BHP Billiton cuts back in effort to become lowest-cost iron ore producer
As was written in our sister publication Mining Global, mining giant BHP Billiton announced its plans to cut capital spending and operating costs for iron ore, following the company’s demerger of South 32. The goal of this strategy is to make BHP the lowest-cost iron ore mining company in the world.
BHP said it aims to reduce iron ore unit costs at its Western Australia operations, in an attempt to cut capital and exploration expenditure to $9 billion in the 2016 financial year from $12.6 billion in 2015.
"The potential benefits are substantial. We expect to cut unit costs at Western Australia Iron Ore by 21 per cent to $16 per tonne during the 2016 financial year,” said Billiton Chief Executive Officer Andrew Mackenzie
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BHP’s rival Rio Tinto is also expected to lower its cost per tonne to $17 this year. The two mining behemoths, along with Vale, have been criticized heavily in recent months for saturating the iron ore market.
Fortescue Metals Group chairman Andrew Forrest has launched an all-out war on BHP and Rio Tinto, saying: “When multinationals pursue business strategies which flood the market in a last-man-standing race to the bottom, we don’t have free markets. Australians own the iron ore."
The company recently defended itself, saying its approach was rational and that it stopped major investments in new capacity four years ago.
"What we're doing very clearly is we're operating our enterprise in a very economically rational way," said Alan Chirgwin, iron ore marketing vice president.
"We took action, so it wasn't just words. In 2011, that's the last time our board approved billions of dollars of additional investment in expansion."
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Speaking to The Australian Financial Review earlier this week, Mackenzie rejected the idea they were losing the public relations battle against Fortescue Metals Group.
"I think, on the whole, that there is a core in Australia that is very committed to free trade and free markets," Mackenzie said. "If you were to look at the way pricing has moved in almost every commodity recently, they've all had similar properties - oil, gas, agricultural commodities, [and] other mining commodities. And in most cases, the lowest-cost suppliers are the ones that continue producing, and the highest-cost suppliers, if there has to be some give, are the ones that come out of the market or reduce their production.”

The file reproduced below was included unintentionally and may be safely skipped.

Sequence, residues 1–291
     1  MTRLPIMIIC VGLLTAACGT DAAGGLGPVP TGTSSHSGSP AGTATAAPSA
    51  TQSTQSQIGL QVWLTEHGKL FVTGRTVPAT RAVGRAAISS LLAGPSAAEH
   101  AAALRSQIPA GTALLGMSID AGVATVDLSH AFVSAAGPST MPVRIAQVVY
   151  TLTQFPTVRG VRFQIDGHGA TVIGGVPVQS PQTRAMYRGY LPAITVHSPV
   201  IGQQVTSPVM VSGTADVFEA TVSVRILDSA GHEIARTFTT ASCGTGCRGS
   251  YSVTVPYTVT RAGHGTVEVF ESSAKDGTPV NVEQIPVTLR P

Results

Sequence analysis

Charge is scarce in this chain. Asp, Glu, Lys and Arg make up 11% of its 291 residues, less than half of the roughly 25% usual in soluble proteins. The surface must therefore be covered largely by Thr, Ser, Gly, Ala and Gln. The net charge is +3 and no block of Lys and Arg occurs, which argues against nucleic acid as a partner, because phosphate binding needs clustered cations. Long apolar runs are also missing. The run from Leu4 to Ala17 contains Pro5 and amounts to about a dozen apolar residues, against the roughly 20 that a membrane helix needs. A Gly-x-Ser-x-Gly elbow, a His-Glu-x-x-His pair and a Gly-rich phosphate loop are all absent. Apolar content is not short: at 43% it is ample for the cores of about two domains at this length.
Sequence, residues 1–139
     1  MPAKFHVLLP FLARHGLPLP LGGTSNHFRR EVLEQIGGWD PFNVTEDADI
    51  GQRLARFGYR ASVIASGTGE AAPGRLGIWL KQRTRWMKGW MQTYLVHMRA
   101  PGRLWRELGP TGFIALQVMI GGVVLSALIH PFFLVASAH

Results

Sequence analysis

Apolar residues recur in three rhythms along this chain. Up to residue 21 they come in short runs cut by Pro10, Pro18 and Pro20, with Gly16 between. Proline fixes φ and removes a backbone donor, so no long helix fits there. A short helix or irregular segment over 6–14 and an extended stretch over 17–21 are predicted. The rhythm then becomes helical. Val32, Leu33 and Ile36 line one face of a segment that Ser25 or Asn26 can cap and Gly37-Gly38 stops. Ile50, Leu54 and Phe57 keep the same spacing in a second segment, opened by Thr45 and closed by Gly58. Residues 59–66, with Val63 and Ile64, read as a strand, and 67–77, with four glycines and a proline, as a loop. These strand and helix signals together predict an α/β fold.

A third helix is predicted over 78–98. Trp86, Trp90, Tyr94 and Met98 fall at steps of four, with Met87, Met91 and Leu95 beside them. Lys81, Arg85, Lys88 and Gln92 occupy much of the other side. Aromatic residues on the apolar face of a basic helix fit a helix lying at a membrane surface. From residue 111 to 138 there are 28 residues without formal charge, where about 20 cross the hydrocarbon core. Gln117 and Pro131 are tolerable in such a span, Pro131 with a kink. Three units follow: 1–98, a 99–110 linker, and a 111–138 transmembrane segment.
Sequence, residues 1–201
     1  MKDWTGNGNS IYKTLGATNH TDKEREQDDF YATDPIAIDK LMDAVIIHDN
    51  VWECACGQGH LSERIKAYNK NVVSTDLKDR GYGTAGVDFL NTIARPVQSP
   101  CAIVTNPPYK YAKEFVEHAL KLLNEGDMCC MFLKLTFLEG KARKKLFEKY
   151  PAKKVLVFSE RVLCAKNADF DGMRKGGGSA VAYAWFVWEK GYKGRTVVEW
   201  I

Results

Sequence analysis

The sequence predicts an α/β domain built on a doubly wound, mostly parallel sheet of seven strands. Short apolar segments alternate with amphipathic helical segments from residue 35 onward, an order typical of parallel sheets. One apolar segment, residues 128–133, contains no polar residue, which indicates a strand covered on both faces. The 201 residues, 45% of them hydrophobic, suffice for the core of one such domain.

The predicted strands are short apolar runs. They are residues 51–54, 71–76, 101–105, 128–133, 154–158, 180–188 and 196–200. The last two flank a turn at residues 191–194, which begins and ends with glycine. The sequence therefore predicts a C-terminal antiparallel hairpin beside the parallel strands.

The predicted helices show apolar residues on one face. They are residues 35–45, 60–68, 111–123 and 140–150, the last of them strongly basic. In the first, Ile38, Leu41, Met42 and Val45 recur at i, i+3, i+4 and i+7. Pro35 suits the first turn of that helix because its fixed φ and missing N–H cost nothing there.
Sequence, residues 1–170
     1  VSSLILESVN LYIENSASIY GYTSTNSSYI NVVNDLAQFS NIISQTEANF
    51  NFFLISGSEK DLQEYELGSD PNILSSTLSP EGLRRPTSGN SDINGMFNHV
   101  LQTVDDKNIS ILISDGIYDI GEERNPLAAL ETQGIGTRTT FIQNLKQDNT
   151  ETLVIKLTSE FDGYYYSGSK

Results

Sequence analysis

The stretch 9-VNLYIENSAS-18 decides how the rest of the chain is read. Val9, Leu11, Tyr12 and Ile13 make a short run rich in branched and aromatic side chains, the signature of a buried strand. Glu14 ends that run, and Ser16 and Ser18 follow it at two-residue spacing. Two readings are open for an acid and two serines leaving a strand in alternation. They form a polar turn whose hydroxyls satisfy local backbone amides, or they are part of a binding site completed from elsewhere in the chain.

Timeline: India takes unicorn leap with six in five days
We chart an historic week in India’s tech industry, where in just five days, between 5-9 April 2021, the country achieved six new unicorns, bringing India’s total to 10 in 2021 to date, an immense unicorn leap from just seven in 2020 and six in 2019.
April 5: Meesho
India’s first social commerce unicorn, Meesho raised US$300m from SoftBank, Facebook and Shunwei Capital, giving the Bangalore-based startup a US$2.1bn valuation, a threefold jump from its previous funding round in 2019. Founded in 2015 by two IIT-Delhi graduates, Meesho connects producers and resellers, helping small businesses sell through social media. It has 45m customers and has enabled 13m entrepreneurs to start their online businesses with no investment.
April 6: CRED
Founded just over two years ago, Bangalore-based credit card repayment app CRED raised US$215m from Falcon Edge Capital and Coatue, nearly trebling its valuation to US$2.2bn from its January US$80m round. Allowing customers to pay off their credit card debt while earning CRED coins which they cash in for rewards, CRED has grown rapidly during COVID-19, doubling its customer base to nearly 6 million in a year.
April 7: API Holdings / Groww
The first epharmacy startup to gain unicorn status, PharmEasy (API Holdings), which has digitised 60,000 brick and mortar pharmacies and 400 doctors across India, raised US$350m in a round led by Prosus Ventures. Founded by four former Flipkart employees as a way of making investing simple, investment platform Groww became India’s second-youngest fintech unicorn, raising US$83m in Series D funding led by Tiger Global, quadrupling its previous round in September.
April 8: ShareChat
New Delhi-grown social media startup ShareChat, founded in 2016 by Mohalla Tech raised US$502m from Lightspeed Ventures, Tiger Global, Twitter and Snap taking its raised total over six rounds to US$766m and pushing its valuation to US$2.1bn. The funding will be used to grow its user base and short video platform Moj, which launched in 2020 following TikTok’s ban in India. The regional language startup claims 280m users.
April 9: Gupshup
AI-led conversational message startup joined the unicorn club after raising US$100m from Tiger Global giving it a ten-fold valuation of US$1.4bn. The smart messaging platform, which has seen accelerated growth during the pandemic, was founded in Bangalore in 2005 by serial entrepreneur Beerud Sheth, whose online freelancing platform Elance is now listed. Gupshup’s API enables 100,000+ businesses to build messaging and conversation experiences across 30+ communication channels.